Veøya (or Veøy) is an island in Molde Municipality in Møre og Romsdal county, Norway. It is located at a junction of the three main branches of Romsdal Fjord between the island of Sekken and the mainland near the village of Nesjestranda. The 6-square-kilometre (2.3 sq mi) island was the municipal centre of the old Veøy municipality. The island was Norway's first legally protected land, and the buildings on the island, including the Old Veøy Church, are now part of the Romsdal Museum.
View of the island
Location in Møre og Romsdal
|Location||Møre og Romsdal, Norway|
|Area||6 km2 (2.3 sq mi)|
|Length||2 km (1.2 mi)|
|Width||760 m (2,490 ft)|
|Highest elevation||76 m (249 ft)|
|County||Møre og Romsdal|
The island was a strategic location for the coastal routes during the Viking Age. The southern branch of Romsdal Fjord leads to the Romsdal valley (and the present-day town of Åndalsnes), where important trade routes led up the valley to Lesja. From there it followed the pilgrim trail over Dovre to Trøndelag, or down the Gudbrandsdal valley to Eastern Norway. The eastern branch led through the Langfjorden where they hauled their ships over the 5-kilometre (3.1 mi) wide, low-lying isthmus at Eidsvåg, in order to avoid the dreaded waters of Hustadvika, and then back to the shipping routes northwards to Nidaros (modern day Trondheim). To the west, past the inlet of the fjord, were the southbound routes to Bergen.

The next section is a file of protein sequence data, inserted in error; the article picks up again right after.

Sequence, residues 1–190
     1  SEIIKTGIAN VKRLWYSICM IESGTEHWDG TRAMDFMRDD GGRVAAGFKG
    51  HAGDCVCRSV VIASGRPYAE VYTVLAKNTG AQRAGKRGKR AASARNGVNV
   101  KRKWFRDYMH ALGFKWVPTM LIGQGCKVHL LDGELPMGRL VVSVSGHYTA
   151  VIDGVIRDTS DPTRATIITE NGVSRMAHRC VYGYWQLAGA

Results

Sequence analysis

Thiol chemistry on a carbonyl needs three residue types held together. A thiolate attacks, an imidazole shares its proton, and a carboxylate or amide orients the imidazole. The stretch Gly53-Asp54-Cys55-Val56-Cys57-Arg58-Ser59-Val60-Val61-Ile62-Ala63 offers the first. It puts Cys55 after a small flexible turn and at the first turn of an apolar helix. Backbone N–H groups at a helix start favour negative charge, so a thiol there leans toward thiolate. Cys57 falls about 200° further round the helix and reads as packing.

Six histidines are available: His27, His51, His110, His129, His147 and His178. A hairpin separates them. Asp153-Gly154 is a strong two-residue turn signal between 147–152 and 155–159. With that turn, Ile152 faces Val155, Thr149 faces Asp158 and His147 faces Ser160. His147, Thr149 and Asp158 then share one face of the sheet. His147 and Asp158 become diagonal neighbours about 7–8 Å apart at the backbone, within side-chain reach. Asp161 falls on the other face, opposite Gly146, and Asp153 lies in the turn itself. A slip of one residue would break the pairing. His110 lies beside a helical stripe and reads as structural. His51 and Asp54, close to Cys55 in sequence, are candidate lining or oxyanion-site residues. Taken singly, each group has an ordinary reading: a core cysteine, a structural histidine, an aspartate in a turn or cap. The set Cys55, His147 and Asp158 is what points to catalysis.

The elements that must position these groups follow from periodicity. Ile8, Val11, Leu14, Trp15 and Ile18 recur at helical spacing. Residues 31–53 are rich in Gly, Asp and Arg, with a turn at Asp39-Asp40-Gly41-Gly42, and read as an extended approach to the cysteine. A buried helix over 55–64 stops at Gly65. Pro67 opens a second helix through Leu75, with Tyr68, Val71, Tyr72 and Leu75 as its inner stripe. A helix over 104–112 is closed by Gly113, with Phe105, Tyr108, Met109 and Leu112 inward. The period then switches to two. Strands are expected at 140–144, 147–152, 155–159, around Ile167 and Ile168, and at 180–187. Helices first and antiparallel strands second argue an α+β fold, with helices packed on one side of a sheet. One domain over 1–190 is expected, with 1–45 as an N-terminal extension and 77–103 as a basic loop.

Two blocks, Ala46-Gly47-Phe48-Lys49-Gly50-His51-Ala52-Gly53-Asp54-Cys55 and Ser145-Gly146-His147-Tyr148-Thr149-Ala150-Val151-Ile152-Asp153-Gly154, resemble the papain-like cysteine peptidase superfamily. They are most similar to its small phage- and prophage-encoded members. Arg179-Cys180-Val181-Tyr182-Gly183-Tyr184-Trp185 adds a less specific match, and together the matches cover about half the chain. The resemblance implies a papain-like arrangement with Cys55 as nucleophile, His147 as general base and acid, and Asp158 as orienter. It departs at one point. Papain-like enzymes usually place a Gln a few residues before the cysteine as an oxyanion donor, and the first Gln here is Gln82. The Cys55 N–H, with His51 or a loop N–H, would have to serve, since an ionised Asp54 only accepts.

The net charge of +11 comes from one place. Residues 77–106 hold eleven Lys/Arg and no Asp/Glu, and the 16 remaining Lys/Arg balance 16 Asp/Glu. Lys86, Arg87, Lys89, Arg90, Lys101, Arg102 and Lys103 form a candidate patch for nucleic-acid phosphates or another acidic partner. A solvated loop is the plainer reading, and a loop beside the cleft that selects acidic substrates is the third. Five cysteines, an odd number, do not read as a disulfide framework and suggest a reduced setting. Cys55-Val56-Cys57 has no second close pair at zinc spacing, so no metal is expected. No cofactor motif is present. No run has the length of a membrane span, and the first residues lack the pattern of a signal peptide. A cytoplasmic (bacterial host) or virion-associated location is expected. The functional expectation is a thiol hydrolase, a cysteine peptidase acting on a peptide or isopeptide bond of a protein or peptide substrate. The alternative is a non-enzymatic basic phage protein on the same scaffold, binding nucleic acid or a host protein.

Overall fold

At this junction, Veøy was established as a kaupang (Old Norse for a market town), and Romsdal’s economic, administrative, and religious center. It had 300-500 permanent residents, and was an important commercial center, with a significant increase during the sailing season. The Old Veøy Church, dedicated to the Apostle Peter, is built in stone and it is the only survivor of three churches on Veøya in the Middle Ages. This church dates back to around the year 1200. It has a capacity of 400 people, and served the entire region, while the other churches served the local population.
Veøya is mentioned by Snorre Sturlason in connection with the battle of Sekken in 1162 where king Håkon Herdebrei was killed by Erling Skakke on 7 July 1162, during the Norwegian civil wars. Veøya, or nearby on the mainland, was probably the seat of Ragnvald Eysteinsson (Ragnvald Mørejarl), earl of Møre, whose son was Hrolf Ganger (Gange-Rolv).
The island became the seat for the municipality of Veøy in 1838. On 1 January 1964 the islands Sekken and Veøya as well as the Nesjestranda district on the mainland, with 756 inhabitants in total, were incorporated into the neighboring Molde Municipality. The island was Norway's first legally protected land, and the buildings on the island are now part of the Romsdal museum.
- Snorre Sturlason. "Heimskringla". The Medieval and Classical Literature Library. Chapter 7: Fall of King Hakon. Retrieved 2010-11-08.
...King Hakon and his followers had arrived close to Veey...
- Solli, Britt (1996). Narratives of Veøy: an investigation into the poetics and scientifics of archaeology. Oslo: Universitetets oldsaksamlings skriver.